India might be one of the world’s fastest-growing economies in the world, but it is a fact that only about 3% of its people currently pay income tax, and all government efforts to increase tax compliance and tax base have failed to bear much fruit until now. Although new tax payers increased by 26.6% from 66.53 lakh in 2015-16 to 84.21 lakh in 2016-17, led by the demonetisation of high-value notes, however, is that enough? Have you ever wondered why a large number of people in India are still reluctant to pay tax? One key reason is that they believe that they get nothing in return, like social security or other benefits, even if they pay tax or more tax than others, which may not be entirely true.
Whatever be the case, tax experts believe that salaried individuals are largely in compliance with the tax regime, as the tax on the salary income is deducted at source by the employer. Similarly, income earned by individual tax payers like interest income on bank deposits above specified threshold is subject to tax withholding and automatically gets reported to tax authorities by banks.
“The challenge sometimes lies in case of income earned by individuals from business and profession. There are various reasons for perceived non-compliance, including high rates of taxes, fear of scrutiny and too much information collation in case of assessment proceedings, time and effort involved in meeting compliance requirements, pro-longed litigation etc. Also, culturally over decades, people have developed the habit of being non-compliant with tax regulations and lack of strong enforcement has only added to this issue. Therefore, we can say that to some extent it is a combination of mindset issue in the society and lack of fear of law enforcement,” says Vikas Vasal, Partner & National Leader-Tax, Grant Thornton India LLP.
How can tax compliance be increased?
Tax experts say that in India the overall awareness on taxes is low. People are not educated enough to understand that the taxes they pay will ultimately lead to the nation’s growth and hence contribute to the overall well-being. “There are a lot of facilities that the common man needs today and these need huge investments. Taxes contribute a considerable portion to this and hence need to be paid regularly by all taxpayers,” says Chetan Chandak, Head of Tax Research, H&R Block India.
Indians will pay more taxes once they are made aware of how tax money is used, which is already being done by the government through various advertisements and awareness programmes, but more needs to be done. “Also, people need to be encouraged through non-intrusive measures to meet their tax obligations and any clear cases of tax evasion need to be dealt strongly with to send a message. At the same time, it should be ensured that genuine tax payers are not deterred in this process,” says Vasal.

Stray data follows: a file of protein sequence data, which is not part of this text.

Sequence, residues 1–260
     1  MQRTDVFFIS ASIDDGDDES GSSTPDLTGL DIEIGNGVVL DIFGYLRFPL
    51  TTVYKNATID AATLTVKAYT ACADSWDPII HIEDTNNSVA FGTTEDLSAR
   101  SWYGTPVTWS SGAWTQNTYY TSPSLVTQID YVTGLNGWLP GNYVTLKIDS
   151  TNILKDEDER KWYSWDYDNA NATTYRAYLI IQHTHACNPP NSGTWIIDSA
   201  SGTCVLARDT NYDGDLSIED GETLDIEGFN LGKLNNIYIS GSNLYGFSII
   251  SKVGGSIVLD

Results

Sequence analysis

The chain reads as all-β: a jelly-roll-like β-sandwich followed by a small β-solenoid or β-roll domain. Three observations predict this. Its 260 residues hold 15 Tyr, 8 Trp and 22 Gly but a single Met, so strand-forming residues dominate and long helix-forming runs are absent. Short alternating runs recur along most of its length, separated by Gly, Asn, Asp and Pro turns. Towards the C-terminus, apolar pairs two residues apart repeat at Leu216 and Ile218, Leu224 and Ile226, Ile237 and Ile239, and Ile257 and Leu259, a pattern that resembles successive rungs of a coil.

Experts also believe that providing social security will encourage more and more people to pay tax as they will believe that they are getting something in return. In fact, “generally in a country where the government is able to provide a strong social security system, people are less worried about any eventuality and have lesser concerns to accumulate huge sums for the same,” says Chandak.
Another aspect that requires attention is that though at policy level a lot of positive changes have been introduced, the experience at the ground level continues to be the same and this needs to change. Thankfully, “a number of initiatives have been taken by the government in the recent past and the results will be visible over time. These include linking of Aadhaar with PAN, mobile phones, bank accounts etc. Further, with the introduction of GST, hopefully once things settle down, we should see more and more businesses coming under the tax net. Similarly, post demonetization, there has been an increase in the number of individual tax compliances,” says Vasal.
Some tax experts believe that although in the past few years the government has taken significant steps to increase the overall tax payers’ bases and bring down effective tax rates, there is still a lot to do in this regard. “By taking certain bold measures like demonetization, digitization, Aadhaar implementation, direct benefit transfer, and GST implementation, the current government has proved that it has the will and zeal to take the things to the next level. However, if it wishes to bring more and more taxpayers in the tax net, it will have to focus more on digital economy, reducing corruption and bringing down the tax rates (both direct and indirect),” observes Chandak.
Digitization will help the government in plugging the tax evasion, increasing revenue collection and reducing the tax rate. The reduced tax rate in turn can help the government to boost the voluntary compliance by taxpayers, resulting in further growth in tax collection.
“It has generally been observed that if the tax rates are brought down, the tax compliance increases; and in the Indian context hopefully the tax collections would also increase. Therefore, Budget 2018 may be a good opportunity for the government to trend this path and reduce the tax rates,” says Vasal.
However, will that happen? That remains to be seen.